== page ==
Despite brutal early fractions, favorite Racing Hill still pulled away in the stretch to deliver an astonishing Adios victory for driver Brett Miller and trainer Tony Alagna.
by Dave Briggs (winner’s circle quotes by Jeff Zidek and additional copy by Evan Pattack)
Driver Brett Miller said he “wanted to throw up” when he saw :52.1 half-mile split flash up on the teletimer, but somehow Racing Hill not only survived brutal early fractions, the pacer pulled away in the stretch Saturday (July 30) afternoon at The Meadows to win the 50th edition of the Delvin Miller Adios.
“I said, ‘There’s no way this horse can keep going’ and he did,” Miller said. “Thank God this horse is just razor sharp. I don’t know if I’ve ever seen a horse go :52.1 and then start pulling away around the top of the stretch. He was just amazing today.”
The 1:48.4 victory over a “sloppy” track rated one second slow, was not only an astonishing performance, it was also a career best for the homebred son of Roll With Joe out of Chasing Ideals owned by Tom Hill of Great Britain and trained by Tony Alagna.
“When I pulled his earplugs in the last turn, he took back off,” Miller said. “That was just amazing. Tony Alagna has done some kind of job with this horse. Horses don’t do that. That was incredible.”
Alagna said Racing Hill, “took my breath away and I have a lot of faith in this horse. He even amazed me today.”
Racing Hill, the 2-5 favorite, defeated 3-1 second choice Check Six by two-and-a-quarter lengths. It was Check Six and Yannick Gingras that tested Miller right from the start, looping in front from the five hole and parking Racing Hill (post four) off the wings.
“From the get-go, the race wasn’t going the way I wanted it to,” Miller said. “I was hoping, maybe, Lyons Snyder fired out of there. I was hoping for a few other people to leave up against the two Burke horses that I thought would be leaving and when they didn’t, I kind of started shooting for the three-hole and it really wasn’t there. To be honest with you, when we came around the first turn, I said to myself, ‘We’re in trouble.’”
Alagna said he didn’t expect a nine-horse field featuring five horses trained by Ron Burke would make it easy on Racing Hill — “I knew they were going to make him earn it” — but he said Miller gave him confidence.
“You never want to see your horse stung at :25.2 and… when it flashed up :52.1 of course I was concerned, but I’m a big believer in watching a driver’s body language in the bike and you could tell by the way Brett was sitting in the bike that he felt like he had plenty left and the horse responded,” Alagna said.
“As strong as he looked still going up the backside into the last turn, I was watching to see when (Miller) took his plugs out. I knew he hadn’t taken his earplugs out and this horse always hits another gear when you do take the plugs out of his ears and he just exploded. It was a huge, huge mile.”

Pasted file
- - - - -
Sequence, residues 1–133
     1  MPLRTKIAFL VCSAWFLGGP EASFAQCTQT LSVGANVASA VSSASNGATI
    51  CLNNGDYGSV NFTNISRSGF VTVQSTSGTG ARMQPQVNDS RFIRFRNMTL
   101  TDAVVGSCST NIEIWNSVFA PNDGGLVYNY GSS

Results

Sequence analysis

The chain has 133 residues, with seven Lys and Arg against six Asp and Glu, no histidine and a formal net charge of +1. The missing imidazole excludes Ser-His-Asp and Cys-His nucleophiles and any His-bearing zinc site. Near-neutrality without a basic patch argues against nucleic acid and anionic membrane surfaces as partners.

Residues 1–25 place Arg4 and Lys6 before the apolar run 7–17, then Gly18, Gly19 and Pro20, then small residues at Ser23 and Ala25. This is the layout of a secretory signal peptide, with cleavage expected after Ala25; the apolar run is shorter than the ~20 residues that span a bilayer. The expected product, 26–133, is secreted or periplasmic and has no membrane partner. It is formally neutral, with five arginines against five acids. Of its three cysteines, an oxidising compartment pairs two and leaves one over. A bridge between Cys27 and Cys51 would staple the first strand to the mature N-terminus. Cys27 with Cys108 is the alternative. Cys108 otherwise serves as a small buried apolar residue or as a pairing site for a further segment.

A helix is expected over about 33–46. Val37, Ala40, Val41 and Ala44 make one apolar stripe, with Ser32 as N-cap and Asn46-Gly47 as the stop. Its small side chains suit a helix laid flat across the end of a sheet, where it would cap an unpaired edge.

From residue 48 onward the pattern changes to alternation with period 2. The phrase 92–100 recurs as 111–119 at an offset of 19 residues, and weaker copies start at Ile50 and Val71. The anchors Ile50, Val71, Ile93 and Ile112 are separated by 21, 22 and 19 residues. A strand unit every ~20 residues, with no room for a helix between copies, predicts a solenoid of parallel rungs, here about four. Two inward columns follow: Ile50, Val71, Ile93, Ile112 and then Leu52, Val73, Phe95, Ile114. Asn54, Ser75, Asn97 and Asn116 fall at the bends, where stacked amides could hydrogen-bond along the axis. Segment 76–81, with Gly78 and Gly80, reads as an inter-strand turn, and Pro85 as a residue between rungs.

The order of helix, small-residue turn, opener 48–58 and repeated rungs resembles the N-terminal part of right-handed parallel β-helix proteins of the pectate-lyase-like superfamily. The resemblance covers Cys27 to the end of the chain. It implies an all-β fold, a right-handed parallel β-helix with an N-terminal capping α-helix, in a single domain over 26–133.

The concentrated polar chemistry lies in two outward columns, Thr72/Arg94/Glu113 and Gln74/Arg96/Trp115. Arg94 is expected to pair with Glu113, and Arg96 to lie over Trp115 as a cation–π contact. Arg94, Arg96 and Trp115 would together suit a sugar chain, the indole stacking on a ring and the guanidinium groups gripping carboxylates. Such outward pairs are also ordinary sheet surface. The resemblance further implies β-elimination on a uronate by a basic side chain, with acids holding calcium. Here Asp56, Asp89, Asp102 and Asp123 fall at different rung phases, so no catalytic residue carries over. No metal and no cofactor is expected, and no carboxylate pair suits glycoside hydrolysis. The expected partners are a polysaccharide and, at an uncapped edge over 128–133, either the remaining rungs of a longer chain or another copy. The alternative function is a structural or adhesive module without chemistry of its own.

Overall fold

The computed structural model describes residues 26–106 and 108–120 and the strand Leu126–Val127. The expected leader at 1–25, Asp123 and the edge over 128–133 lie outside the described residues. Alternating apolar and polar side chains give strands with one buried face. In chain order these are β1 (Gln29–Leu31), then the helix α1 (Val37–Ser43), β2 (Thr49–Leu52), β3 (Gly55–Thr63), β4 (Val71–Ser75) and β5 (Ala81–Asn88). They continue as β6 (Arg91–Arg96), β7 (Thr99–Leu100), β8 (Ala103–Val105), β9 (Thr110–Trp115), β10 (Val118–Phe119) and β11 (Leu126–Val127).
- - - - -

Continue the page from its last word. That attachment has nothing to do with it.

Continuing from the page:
The mile was particularly impressive considering the rain that battered the Washington, PA area earlier in the day.
“We had some really, really nasty rain,” Alagna said. “Then it would stop and they would go to get out on it and then it would come again. For that track to hold up to that like it did today, the track crew did a heck of a job out there. They put on a heck of a show.”
It was the first Adios victory for Miller, Alagna and Hill.
Fernando Hanover, starting from post eight, finished third, three-and-a-quarter lengths back. Manhattan Beach was fourth and More Dragon fifth, meaning Burke horses grabbed every check except for the winning one.
Asked whether he found that frustrating or satisfying, Burke said, “Definitely satisfying. My horses raced well. Racing Hill was unbelievable.”
Racing Hill, the winner of $500,000 Hempt Memorial, was second in both the $780,000 Pepsi North America Cup (won by Betting Line) and the $732,050 Meadowlands Pace (won by Control The Moment). Neither the Cup of Pace winner came to The Meadows to contest the Adios.
“I think those are three really nice horses and I don’t think they get as much credit as they deserve,” Alagna said. “I’m sure there are people that didn’t have as much faith in (Racing Hill) as I did. I think he made some people believers today about just what kind of horse he is.”
Racing Hill now sports a record of 4-4-1 in nine starts in 2016 good for earnings of $836,802. Lifetime, the pacer is 9-4-3 in 19 starts with earnings of $970,028.
Alagna said Racing Hill will now skip the Cane Pace at the Meadowlands next Saturday to take a break and prepare for the second half of his schedule.
“He’s had a tough schedule. We’re going to shoot for the Battle of Brandywine at Pocono and that gives him a nice three-week break,” Alagna said.
“It gives him a chance to freshen up. He has raced some hard starts, but he is very fresh. He cooled out great. He actually cooled out better today than he did last week, because last week it was so hot out there at The Meadows.”